Remember, nothing keeps the cholesterol levels down like leaving it on the table or in the refrigerator. As usual after 7 11/12th years now, there's no December issue of UpBeat, mainly to just "give it a rest." And thank you all for the donations, large and small, they will make it possible to launch forth into the 8th full year of UpBeat.
The telltale chemical, known as tissue plasminogen activator or t-PA, is made by the muscle cells lining the blood vessels of the heart. The researchers said it seemed to have the ability to prevent clogging in arteries feeding the heart muscle, a problem that often faces transplant patients.
In tests of 78 patients over five years, a team led by Dr. Carlos Labarrere of Methodist Hospital in Indianapolis, Indiana found that if the transplanted heart kept producing t-PA, the heart was far more likely to survive and less likely to develop new heart disease than a heart whose t-PA producing capacity declined.
Among the 40 volunteers whose new hearts started making less t-PA soon after the transplant, the heart arteries of 78 percent began to clog up within three months. Among the hearts with normal t-PA levels, heart disease developed in only 24 percent of cases.
While only one person with normal t-PA levels died or needed a second transplant, 12 t-PA-deficient volunteers fell into that category, the researchers found. Overall, when the heart stopped making t-PA, a patient was eight times more likely to develop heart disease in the new heart and 25 times more likely to have the heart fail.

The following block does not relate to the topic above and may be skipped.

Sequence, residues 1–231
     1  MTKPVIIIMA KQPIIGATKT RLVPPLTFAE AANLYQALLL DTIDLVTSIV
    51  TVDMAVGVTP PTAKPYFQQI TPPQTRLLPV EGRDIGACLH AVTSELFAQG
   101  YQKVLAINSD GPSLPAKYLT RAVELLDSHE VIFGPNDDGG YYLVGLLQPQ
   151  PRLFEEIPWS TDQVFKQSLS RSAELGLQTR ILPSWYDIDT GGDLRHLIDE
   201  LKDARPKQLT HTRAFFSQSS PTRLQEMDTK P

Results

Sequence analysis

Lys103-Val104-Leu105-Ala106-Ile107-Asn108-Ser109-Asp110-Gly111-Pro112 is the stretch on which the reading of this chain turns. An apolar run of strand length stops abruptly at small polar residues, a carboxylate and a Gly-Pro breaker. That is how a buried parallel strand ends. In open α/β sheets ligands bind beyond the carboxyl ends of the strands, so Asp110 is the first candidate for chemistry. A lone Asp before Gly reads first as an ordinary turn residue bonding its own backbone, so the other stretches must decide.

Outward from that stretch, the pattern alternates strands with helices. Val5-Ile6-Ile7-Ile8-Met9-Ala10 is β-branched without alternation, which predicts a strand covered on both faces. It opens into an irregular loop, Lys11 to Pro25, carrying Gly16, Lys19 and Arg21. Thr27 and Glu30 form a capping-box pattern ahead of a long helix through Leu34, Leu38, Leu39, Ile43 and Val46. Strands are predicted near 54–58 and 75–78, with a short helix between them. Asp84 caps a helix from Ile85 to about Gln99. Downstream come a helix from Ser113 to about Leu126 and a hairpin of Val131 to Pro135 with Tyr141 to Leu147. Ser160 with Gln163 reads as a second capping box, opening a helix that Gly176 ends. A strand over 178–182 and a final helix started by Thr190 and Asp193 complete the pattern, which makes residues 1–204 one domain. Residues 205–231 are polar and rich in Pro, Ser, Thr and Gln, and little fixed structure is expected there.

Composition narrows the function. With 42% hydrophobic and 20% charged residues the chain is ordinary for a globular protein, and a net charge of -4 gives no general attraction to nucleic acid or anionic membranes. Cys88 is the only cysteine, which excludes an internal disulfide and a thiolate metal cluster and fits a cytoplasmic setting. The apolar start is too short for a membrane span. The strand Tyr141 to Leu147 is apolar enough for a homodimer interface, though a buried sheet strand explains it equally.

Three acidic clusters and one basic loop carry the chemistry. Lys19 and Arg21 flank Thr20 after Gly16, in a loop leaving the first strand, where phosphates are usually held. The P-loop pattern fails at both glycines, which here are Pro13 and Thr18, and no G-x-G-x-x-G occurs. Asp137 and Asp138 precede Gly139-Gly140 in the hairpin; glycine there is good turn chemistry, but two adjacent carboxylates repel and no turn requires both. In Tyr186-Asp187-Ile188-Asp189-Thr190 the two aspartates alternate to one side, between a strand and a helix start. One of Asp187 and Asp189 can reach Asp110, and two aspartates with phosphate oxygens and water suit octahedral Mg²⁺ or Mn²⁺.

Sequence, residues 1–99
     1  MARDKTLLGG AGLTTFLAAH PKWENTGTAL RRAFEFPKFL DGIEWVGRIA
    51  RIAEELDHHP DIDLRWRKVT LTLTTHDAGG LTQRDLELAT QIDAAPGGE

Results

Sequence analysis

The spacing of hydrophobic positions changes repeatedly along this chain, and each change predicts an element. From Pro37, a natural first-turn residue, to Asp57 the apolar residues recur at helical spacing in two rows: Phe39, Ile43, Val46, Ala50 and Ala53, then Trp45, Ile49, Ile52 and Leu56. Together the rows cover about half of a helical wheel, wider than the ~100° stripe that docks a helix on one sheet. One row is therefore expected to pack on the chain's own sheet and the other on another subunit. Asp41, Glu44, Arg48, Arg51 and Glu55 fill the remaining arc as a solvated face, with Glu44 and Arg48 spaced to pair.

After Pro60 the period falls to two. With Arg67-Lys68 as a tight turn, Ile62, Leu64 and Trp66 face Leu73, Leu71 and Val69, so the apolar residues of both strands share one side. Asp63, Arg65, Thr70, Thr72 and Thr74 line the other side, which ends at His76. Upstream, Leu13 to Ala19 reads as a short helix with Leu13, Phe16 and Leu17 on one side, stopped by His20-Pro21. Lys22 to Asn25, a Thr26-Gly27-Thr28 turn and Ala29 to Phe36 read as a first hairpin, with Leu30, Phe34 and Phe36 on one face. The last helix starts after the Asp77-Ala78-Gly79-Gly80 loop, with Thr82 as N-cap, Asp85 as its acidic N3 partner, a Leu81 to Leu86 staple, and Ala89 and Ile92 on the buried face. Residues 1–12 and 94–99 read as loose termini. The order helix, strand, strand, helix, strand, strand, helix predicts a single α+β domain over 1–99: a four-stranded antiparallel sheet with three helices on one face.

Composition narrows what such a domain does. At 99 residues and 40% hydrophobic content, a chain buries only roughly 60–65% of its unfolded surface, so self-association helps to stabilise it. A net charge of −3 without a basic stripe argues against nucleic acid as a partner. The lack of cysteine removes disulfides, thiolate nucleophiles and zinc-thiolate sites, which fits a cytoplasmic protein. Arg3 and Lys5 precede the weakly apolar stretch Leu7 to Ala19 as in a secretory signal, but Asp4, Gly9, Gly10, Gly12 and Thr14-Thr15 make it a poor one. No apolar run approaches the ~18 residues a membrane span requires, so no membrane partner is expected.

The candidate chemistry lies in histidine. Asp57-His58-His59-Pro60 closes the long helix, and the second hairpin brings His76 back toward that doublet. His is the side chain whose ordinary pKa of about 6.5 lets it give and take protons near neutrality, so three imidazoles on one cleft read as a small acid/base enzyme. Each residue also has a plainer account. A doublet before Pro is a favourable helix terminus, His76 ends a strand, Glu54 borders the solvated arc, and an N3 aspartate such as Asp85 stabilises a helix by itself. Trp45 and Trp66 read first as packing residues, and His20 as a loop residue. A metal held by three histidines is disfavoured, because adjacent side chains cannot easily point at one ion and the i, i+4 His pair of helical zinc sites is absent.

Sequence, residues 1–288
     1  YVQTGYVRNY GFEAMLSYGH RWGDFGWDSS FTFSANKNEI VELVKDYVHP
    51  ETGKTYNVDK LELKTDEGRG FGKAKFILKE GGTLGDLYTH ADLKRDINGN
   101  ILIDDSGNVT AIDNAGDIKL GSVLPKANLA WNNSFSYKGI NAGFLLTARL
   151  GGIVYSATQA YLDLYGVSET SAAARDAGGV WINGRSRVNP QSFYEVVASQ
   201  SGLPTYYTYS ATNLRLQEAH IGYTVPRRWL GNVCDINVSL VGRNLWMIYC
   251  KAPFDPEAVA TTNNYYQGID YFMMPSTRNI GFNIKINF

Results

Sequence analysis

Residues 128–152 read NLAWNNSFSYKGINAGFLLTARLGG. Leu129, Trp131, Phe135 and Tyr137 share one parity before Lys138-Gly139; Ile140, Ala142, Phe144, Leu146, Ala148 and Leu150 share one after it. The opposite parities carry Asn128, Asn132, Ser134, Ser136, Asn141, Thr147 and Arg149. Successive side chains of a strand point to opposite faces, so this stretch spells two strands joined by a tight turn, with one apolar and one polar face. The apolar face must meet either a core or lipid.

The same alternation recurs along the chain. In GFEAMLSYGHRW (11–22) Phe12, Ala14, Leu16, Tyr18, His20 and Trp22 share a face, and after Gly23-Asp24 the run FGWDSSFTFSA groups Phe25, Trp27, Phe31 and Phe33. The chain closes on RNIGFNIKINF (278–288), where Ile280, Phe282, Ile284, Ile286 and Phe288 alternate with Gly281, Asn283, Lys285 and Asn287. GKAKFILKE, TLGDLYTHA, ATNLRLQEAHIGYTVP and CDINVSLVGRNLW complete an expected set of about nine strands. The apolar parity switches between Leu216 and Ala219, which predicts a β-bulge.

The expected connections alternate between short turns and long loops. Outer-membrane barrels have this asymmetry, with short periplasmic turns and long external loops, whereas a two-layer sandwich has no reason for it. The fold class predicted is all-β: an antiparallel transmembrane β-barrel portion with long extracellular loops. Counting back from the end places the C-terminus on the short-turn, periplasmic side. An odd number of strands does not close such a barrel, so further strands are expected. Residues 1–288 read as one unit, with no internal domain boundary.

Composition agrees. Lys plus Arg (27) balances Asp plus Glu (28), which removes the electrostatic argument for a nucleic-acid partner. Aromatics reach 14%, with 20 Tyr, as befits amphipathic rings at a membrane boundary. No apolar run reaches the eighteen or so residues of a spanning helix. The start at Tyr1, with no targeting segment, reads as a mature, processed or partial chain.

Why a transplanted heart would stop making the normal amount of t-PA is not known. But because doctors could detect a decline in the t-PA level two or three weeks after a transplant, "we can conservatively conclude that the depletion of t-PA is an early sign of the development of coronary artery disease," the researchers said.
DENVER (AP 10/18/95) --A substance found in rodent testicles may hold the key to preventing the rejection of transplanted organs, researchers said Wednesday.
A research team at the University of Colorado Health Sciences Center found that a molecule called CD95 ligand in the testicles of mice appears to prevent the rodents' immune systems from killing transplanted cells.
'This could be the magic elixir that we can use to prevent graft rejection," said Donald Bellgrau, associate professor of 'immunology who reported the results Wednesday in the journal Nature.
The human body's immune system is the greatest enemy of transplanted cells and organs. But scientists have known that the testicles, brain and eyes are "privileged sites" where immunosuppression doesn't work. Bellgrau's team set out to find why.
They learned that Sertoli cells in mice testicles emit CD95 ligand, which appears responsible for the immunosuppressant effect, and were able to isolate CD95 molecules. Then, they found that grafts of testes from different mice weren't rejected, as long as they had contained the CD95 molecules.
The researchers are a long way from testing the molecule in humans.